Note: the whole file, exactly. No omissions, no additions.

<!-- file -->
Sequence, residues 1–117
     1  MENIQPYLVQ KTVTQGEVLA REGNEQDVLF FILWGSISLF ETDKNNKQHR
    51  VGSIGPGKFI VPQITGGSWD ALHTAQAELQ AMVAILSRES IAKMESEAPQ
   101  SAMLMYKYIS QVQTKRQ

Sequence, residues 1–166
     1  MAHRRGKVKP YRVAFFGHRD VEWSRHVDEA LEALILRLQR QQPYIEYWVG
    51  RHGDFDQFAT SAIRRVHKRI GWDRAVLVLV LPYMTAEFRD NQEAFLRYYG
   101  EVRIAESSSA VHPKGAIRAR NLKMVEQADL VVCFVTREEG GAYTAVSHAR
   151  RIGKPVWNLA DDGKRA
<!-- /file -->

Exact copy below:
Sequence, residues 1–117
     1  MENIQPYLVQ KTVTQGEVLA REGNEQDVLF FILWGSISLF ETDKNNKQHR
    51  VGSIGPGKFI VPQITGGSWD ALHTAQAELQ AMVAILSRES IAKMESEAPQ
   101  SAMLMYKYIS QVQTKRQ

Sequence, residues 1–166
     1  MAHRRGKVKP YRVAFFGHRD VEWSRHVDEA LEALILRLQR QQPYIEYWVG
    51  RHGDFDQFAT SAIRRVHKRI GWDRAVLVLV LPYMTAEFRD NQEAFLRYYG
   101  EVRIAESSSA VHPKGAIRAR NLKMVEQADL VVCFVTREEG GAYTAVSHAR
   151  RIGKPVWNLA DDGKRA